Equity in Transportation, Part 1
About This Episode
In this episode, Erin Murphy, AICP, leads a conversation about the importance of equity in transportation. She’s joined by Kimley-Horn transportation planners John Martin, P.E., and Danielle McCray, P.E., and Amy Edwards, Board Chair for Dimitri House, a not-for-profit group in Rochester, New York. This episode explores the history of making transportation projects more equitable, shares strategies to effectively engage and include diverse perspectives in the planning process, and explains how current projects are working to reverse the adverse societal effects from past transportation projects that resulted from less-inclusive decision-making.
Erin Murphy: Hello everybody. My name is Erin Murphy. I’m a transportation planner with Kimley-Horn of DC. And today we’re going to have a discussion about putting equity at the center of transportation planning. I have a few panelists with me: John Martin, Danielle McCray, and Amy Edwards. Amongst ourselves, we’re going to have some discussion about what our responsibility is to our communities, and for those of us who are engineers or planners, to our profession, and understanding how we can bring equity into transportation planning. And with that, I’ll hand it off to John so he can introduce himself.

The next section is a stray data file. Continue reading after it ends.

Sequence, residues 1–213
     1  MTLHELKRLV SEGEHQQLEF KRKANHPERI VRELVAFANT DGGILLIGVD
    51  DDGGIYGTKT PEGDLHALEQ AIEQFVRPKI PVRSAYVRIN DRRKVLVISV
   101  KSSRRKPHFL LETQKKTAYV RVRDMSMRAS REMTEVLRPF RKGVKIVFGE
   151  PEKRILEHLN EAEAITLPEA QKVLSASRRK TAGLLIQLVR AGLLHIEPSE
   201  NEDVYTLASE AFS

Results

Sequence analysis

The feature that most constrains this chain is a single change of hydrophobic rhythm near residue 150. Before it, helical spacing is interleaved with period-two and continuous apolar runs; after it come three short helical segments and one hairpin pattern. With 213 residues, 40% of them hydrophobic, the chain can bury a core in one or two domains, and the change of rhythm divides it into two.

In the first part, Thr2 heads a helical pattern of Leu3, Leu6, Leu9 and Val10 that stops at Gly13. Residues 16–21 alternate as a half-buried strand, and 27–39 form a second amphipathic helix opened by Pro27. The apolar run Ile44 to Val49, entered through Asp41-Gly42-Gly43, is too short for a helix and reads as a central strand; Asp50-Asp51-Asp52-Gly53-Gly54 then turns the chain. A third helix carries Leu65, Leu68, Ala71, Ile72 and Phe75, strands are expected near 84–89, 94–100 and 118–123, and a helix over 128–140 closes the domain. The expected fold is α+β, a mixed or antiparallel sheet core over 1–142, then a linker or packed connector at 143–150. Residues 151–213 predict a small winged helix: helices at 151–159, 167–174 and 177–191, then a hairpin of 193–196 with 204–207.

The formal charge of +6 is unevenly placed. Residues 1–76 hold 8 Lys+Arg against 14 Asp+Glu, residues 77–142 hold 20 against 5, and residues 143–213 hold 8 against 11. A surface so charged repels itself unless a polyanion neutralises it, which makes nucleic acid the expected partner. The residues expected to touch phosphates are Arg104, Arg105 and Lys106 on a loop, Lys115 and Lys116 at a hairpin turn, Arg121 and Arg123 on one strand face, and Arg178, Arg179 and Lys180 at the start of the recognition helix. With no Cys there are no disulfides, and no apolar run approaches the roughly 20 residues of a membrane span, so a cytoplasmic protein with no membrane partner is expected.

John Martin: Well, hello everybody. My name is John Martin. I’m a transportation planner engineer with Kimley-Horn in Reston, Virginia. I’ve worked on transportation planning projects in Washington, DC in Rochester, New York, and all over Virginia, and really across the U.S. In our planning work, we really strive to include as many voices as possible in developing transportation solutions and really the more perspectives, the better. We have some excellent project examples that we want to talk about here, in a few minutes. Erin has also asked us to share our background a little bit. Quickly about me, a little history would be that as a kid, I was bused. I grew up in a town part of desegregation and from sixth to ninth grade, I was bused to a part of the city in Raleigh, North Carolina that was historically Black. When I went to high school, I went to a high school close to where I lived and Black kids were bused my side of the town and we just got to know each other.